Aberrant DNMT3B transcripts are expressed in primary neuroblastoma tumors

To investigate significance of aberrant DNMT3B transcripts in neuroblastoma, reverse transcriptase-PCR (RT-PCR) analysis was performed on a hypothesis-generating cohort of three ganglioneuroblastoma, three ganglioneuromas, and 25 primary neuroblastoma samples using primers that amplified all but 2 of the known alternative and aberrant DNMT3B isoforms (Fig. 1A, Supplementary Fig. S1A, Table 1). Additional DNMT3B transcripts were detected by Southern blot using a DNMT3B probe that hybridizes to all of the known aberrant isoforms amplified in the RT-PCR (Supplementary Fig. S1B and C). We stratified the patients into two risk groups: high risk and nonhigh risk. Nonhigh-risk patients included those with stages 1 and 2 disease, infants with stages 4 and 4S tumors, and patients with stage 3 tumors that lacked MYCN amplification. Similar to the criteria used by the COG, patients with stage 3 MYCN-amplified tumors and children older than 1 year of age with stage 4 disease were considered high risk (4). We found the expression of four or more aberrant DNMT3B isoforms correlated with higher risk groups (P = 0.03). The identity of DNMT3B7 was confirmed by sequencing in four primary tumors (data not shown), and expression of DNMT3B7 was quantified in the primary tumors by real-time RT-PCR (Supplementary Fig. S2A). We obtained ten more ganglioneuroblastoma RNAs from the COG. However, the integrity of the RNA was too low to determine the levels of DNMT3B isoforms (data not shown). We therefore hypothesized that high levels of DNMT3B7 may contribute to the more benign clinical behavior of the most differentiated tumors.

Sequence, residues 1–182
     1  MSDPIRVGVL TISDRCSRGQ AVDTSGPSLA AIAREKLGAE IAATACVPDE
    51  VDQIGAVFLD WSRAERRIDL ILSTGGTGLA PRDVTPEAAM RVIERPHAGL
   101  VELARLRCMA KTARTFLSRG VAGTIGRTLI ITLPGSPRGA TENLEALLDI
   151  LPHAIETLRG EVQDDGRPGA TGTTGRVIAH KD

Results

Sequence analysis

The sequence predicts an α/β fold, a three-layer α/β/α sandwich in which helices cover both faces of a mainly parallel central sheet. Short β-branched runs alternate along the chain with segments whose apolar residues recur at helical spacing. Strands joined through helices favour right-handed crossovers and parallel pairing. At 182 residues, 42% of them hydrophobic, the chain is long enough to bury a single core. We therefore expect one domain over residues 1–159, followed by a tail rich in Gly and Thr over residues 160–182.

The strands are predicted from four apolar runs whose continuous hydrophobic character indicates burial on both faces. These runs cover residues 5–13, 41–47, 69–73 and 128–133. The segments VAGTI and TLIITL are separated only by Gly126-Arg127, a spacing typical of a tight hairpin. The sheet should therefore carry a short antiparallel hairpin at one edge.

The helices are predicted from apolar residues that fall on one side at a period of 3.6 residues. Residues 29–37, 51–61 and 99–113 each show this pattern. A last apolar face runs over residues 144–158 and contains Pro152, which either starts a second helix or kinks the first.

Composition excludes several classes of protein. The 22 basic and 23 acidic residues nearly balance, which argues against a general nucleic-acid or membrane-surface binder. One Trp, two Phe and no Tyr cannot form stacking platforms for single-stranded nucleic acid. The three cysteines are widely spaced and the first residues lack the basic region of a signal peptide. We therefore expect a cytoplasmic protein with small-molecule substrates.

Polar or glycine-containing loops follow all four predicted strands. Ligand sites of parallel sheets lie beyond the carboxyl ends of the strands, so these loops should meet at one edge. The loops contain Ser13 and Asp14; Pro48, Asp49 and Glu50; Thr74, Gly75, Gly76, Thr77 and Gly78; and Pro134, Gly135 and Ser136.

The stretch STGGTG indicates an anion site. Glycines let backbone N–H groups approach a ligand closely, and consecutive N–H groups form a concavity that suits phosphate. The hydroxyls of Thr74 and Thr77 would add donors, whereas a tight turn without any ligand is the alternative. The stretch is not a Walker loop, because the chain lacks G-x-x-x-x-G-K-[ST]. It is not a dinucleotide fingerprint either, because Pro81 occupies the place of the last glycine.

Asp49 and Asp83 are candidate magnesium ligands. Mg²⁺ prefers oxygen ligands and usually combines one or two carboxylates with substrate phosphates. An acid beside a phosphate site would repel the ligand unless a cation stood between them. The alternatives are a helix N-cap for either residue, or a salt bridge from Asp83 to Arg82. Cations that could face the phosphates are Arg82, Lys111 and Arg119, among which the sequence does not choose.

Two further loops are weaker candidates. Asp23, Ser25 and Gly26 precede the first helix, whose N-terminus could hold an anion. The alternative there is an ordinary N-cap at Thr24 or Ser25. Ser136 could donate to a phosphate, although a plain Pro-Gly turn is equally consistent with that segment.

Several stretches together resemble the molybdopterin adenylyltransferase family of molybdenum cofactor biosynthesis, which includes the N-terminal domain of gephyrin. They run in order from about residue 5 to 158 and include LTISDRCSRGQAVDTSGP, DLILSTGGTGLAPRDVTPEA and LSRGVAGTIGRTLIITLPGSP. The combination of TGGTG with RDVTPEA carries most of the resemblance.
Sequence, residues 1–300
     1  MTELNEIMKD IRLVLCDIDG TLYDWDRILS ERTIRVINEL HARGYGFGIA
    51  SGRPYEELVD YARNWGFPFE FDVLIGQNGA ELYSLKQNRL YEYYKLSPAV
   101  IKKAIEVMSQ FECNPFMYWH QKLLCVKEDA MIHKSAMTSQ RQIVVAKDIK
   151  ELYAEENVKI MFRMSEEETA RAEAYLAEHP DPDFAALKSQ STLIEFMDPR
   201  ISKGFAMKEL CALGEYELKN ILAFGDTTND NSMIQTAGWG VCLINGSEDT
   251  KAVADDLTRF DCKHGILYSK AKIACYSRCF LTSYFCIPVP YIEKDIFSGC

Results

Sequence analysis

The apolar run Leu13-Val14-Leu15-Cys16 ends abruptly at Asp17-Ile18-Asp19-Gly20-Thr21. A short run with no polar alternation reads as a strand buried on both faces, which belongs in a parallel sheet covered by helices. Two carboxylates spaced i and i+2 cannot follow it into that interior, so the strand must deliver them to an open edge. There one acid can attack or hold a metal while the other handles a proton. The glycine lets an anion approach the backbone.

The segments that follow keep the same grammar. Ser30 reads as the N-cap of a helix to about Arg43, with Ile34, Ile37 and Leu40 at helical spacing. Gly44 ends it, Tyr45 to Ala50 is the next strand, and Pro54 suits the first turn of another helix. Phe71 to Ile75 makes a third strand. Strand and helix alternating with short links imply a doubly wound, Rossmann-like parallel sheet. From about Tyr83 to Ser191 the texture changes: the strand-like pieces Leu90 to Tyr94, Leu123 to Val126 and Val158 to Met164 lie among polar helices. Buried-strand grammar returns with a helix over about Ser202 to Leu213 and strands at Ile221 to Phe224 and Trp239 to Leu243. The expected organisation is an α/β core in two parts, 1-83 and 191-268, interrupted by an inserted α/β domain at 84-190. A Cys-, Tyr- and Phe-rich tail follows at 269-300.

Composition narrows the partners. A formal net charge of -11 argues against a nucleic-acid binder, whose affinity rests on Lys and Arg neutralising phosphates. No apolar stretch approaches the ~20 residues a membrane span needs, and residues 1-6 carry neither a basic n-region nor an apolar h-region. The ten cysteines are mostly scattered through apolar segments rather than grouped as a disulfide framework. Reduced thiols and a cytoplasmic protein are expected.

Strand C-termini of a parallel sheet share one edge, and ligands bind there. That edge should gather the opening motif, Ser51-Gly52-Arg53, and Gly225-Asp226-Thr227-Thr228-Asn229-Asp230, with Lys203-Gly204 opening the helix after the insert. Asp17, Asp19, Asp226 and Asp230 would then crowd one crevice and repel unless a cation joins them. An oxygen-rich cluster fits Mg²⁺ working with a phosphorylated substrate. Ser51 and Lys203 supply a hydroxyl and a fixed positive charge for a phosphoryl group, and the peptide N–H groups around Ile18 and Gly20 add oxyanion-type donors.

Neuroblastoma cell lines showed expression patterns of DNMT3B transcripts similar to that of the primary tumors by RT-PCR (Fig. 1B). Tumorigenic N-type cells (24) had an increased number of DNMT3B transcripts and lacked DNMT3B7. By Western blot, we found the N-type cells have only full-length DNMT3B, whereas nontumorigenic S-type cells had both full-length DNMT3B and the truncated DNMT3B7 (Fig. 1C).

Forced expression of DNMT3B7 in neuroblastoma cells inhibits growth

Because we detected high levels of DNMT3B7 in differentiated tumors associated with more favorable outcomes, we hypothesized that DNMT3B7 could modify neuroblastoma phenotype. We introduced DNMT3B7 into an N-type neuroblastoma cell line (LA1-55n) using a Tet-off inducible system. Repression of cell growth in the DNMT3B7-expressing cell lines was seen after 10 days of induction (P < 0.001; Fig. 2A). The expression of DNMT3B7 was evaluated by Western blot analysis at each time point (Fig. 2B). DNMT3B7 expression was low during the first week and increased as the growth of the cells decreased. The level of DNMT3B7-expression in the induced cells was two-fold higher than what was found in ganglioneuroblastoma tumors (Supplementary Fig. S2B). Similar results were obtained using constitutive expression of DNMT3B7 in another N-type neuroblastoma cell line, SMS-KCNR (Supplementary Fig. S3).

Both the inducible DNMT3B7-LA1-55n cells and constitutively-expressing DNMT3B7-SMS-KCNR cells were used to test the effects of DNMT3B7 expression on tumor growth in murine xenograft models using LA1-55n cells (Fig. 3A) and SMS-KCNR cells (Fig. 3C). In both models, expression of DNMT3B7 inhibited tumor growth (Fig. 3A and C). Tumor vascularity, cell proliferation, and apoptosis were evaluated in both the LA1-55n (Fig. 3B) and SMS-KCNR (Fig. 3D) xenografts with and without forced DNMT3B7 expression. Histologic sections were stained with CD31 and showed fewer endothelial cells in the DNMT3B7-expressing tumors (Fig. 3B, iv and D, iv) compared to control tumors (Fig. 3B, iii and D, iii). Significantly lower mean vascular density (35.2 ± 8.3 vs 72.2 ± 9.5; P < 0.001) was detected in xenografts with expression of DNMT3B7 (Supplementary Fig. S4A). In addition, blood vessels in the DNMT3B7-positive tumors were thin-walled and structurally more normal (Fig. 3B, ii and D, ii) than in the control tumors (Fig. 3B, i and D, i).